Joe Mussulman

By Mick Holien

The obituary of Joe Mussulman came just short of filling an entire column in Saturday’s Missoulian.

And while an admirable dissertation it only scraped the surface of his 89-year life, his influence on the arts and individuals.

Rob Quist, an original member of the Mission Mountain Wood Band, counts Joe’s influence, when Quist sang with “Montana’s Finest Voices, the Jubileers as the greatest and most important of his life.

He tried out for the prestigious UM group when a raw sophomore from the Hi-Line (Cutbank).

“He changed my life forever,” said Quist. “He taught me how to be a professional.”

The group, which toured worldwide on a couple of USO trips, brought Quist, Steve Riddle, M2WB originals, and Greg Devlin together for the first time.

“I learned a lot from that guy,” said Devlin affectionately recalling Joe told him that “music happens when there is no sound.”

The breath of his influence is widespread.

“An amazing impact,” added Quist, whose daughter Halladay also later sang with the group. “He set my feet on the path.”

Anything but just a UM music professor Mussulman directed the Mendelssohm Club and the Symphony Chorale.

He also excelled on the other side of the microphone acting in a variety of Missoula Children’s Theatre productions under Jim Caron and Michael McGill and authored several publications including a biography and a textbook.

Mussulman won the Governor’s Arts Award in 1999 and an award for Lewis and Clark Trail Heritage Foundation for outstanding contribution in bringing the nation greater awareness of Lewis and Clark.

Joe was the producer, editor and writer for Discovering Lewis and Clark, a website that went on line in ‘98 and remains the most visited of all Lewis and Clark sites.

An innovator, said Quist, he brought the first “Moog” synthesizer to UM as part of the composer’s program.

It has been a couple of decades since I was with Mussulman auditioning for providing audio for a Lewis and Clark project.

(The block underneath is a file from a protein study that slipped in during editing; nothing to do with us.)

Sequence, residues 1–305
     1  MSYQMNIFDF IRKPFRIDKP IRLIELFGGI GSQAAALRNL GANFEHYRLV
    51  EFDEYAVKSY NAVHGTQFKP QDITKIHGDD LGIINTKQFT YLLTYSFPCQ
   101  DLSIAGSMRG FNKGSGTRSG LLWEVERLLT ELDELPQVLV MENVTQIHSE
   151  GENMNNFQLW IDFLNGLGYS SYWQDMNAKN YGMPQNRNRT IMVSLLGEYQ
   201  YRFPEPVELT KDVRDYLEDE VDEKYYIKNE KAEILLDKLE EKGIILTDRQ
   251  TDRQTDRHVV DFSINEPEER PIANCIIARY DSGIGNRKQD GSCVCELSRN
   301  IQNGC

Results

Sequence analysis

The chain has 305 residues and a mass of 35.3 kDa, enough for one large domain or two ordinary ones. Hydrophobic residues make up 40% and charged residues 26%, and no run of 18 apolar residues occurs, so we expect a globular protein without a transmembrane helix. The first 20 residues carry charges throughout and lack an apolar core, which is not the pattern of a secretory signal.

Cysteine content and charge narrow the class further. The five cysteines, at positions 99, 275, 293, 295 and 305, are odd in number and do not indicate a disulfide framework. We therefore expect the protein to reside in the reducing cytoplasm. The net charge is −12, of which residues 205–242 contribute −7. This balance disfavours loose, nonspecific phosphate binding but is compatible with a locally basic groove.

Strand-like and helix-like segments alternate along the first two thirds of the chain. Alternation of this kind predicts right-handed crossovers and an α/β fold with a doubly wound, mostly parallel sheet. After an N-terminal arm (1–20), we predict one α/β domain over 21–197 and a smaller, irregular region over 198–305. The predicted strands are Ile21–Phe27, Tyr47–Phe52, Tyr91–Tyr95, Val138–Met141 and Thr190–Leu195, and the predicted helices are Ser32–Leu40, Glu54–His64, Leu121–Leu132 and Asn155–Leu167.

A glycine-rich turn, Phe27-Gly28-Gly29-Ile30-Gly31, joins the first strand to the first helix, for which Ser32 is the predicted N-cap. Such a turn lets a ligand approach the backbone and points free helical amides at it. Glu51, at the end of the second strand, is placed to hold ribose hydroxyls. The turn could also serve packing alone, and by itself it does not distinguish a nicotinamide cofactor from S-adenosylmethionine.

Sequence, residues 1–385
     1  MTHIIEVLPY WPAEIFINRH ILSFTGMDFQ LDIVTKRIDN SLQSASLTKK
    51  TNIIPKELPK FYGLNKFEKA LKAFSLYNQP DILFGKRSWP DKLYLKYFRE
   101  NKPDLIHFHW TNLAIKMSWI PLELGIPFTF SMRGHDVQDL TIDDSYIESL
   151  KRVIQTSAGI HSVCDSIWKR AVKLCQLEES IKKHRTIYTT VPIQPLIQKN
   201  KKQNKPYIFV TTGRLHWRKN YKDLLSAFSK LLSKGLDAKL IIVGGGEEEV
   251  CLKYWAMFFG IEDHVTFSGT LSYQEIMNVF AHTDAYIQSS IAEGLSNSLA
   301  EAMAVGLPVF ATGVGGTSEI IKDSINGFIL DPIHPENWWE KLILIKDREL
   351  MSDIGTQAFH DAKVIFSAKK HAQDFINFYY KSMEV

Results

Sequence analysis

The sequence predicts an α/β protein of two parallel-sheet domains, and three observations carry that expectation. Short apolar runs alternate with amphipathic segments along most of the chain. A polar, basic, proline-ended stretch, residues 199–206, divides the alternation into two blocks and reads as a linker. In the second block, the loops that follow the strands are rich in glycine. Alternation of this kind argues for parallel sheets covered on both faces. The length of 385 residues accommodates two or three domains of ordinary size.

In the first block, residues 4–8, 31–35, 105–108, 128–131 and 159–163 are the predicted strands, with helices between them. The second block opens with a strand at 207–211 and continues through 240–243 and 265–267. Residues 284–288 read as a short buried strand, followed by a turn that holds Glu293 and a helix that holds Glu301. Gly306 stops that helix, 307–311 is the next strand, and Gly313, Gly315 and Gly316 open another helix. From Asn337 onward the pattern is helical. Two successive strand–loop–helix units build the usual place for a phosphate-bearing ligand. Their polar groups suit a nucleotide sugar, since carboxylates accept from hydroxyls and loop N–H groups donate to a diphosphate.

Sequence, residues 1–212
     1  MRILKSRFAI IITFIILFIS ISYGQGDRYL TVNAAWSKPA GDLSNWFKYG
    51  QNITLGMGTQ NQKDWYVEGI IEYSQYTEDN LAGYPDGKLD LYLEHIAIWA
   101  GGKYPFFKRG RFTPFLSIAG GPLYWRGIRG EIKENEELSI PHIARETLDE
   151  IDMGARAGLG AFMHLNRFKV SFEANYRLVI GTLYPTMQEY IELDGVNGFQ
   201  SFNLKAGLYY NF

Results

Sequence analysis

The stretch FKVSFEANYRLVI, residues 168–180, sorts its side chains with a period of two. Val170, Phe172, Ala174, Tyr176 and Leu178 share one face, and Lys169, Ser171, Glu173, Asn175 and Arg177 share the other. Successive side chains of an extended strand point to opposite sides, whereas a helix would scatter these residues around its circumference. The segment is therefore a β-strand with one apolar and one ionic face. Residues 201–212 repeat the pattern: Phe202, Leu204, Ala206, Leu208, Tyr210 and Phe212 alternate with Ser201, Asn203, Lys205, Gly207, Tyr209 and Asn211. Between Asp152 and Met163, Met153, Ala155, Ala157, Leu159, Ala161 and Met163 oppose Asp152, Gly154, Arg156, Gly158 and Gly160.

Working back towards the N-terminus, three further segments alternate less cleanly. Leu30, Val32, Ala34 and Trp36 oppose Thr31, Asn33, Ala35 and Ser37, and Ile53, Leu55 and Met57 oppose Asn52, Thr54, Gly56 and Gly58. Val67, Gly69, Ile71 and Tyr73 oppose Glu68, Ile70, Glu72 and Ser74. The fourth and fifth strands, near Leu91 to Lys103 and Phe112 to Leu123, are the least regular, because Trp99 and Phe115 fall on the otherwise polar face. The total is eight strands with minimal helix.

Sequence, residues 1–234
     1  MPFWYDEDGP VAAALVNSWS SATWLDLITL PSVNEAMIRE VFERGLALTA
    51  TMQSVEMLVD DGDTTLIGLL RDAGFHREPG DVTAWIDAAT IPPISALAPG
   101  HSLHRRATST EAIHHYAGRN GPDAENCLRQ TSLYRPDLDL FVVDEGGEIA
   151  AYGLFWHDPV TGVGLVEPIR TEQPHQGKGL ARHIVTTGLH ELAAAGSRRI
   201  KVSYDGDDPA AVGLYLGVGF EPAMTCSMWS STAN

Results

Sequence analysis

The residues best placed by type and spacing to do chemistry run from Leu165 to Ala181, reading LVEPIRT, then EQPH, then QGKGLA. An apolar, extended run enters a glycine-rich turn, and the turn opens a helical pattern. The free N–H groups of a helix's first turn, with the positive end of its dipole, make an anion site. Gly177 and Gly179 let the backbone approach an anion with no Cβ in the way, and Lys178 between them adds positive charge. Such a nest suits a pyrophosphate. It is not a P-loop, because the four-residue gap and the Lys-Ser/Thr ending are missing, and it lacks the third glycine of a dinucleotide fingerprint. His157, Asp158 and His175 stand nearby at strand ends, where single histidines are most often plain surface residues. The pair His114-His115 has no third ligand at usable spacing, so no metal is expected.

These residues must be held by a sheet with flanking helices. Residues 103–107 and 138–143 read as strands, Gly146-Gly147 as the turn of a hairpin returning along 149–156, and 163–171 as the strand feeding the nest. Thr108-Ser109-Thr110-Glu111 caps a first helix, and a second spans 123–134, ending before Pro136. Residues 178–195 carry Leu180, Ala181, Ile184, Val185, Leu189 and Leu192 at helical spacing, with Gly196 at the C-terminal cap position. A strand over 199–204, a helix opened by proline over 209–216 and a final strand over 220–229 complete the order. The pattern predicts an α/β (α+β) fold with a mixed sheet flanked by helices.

Not knowing him before I came into a downtown Missoula studio, it didn’t take me long to realize I was performing for a master who pushed hard for several hours to get me into the character he envisioned.

I failed to get the part but in failing I realized the personal investment he made in even the smallest of details and how much he taught me about myself without realizing it.

Steve Riddle remembered that Mussulman possessed the ability to push for perfection by being heavily critical without being offensive.

Riddle was selected for the Jubileers the spring of his UM freshman career.

“What an honor,” especially he said because he was then mainly recognized as being Dick Riddle’s little brother.

Donning the group’s red jacket and black pants for a gig was quite prestigious, he recalled.

Known also as much for the area’s geographical terrain one couldn’t pigeon-hole Mussulman’s expertise.

After retirement in 1988, he assumed yet another role as “Ranger Joe” where he could maybe be found on his horse in Upper Pattee Canyon, Lolo Pass or the Rattlesnake Recreational Area for the U.S. Forest Service.

His funeral mass, surely to be heavily attended, is Wednesday at 11a.m. at Catholic Community Church on Eaton in Missoula.

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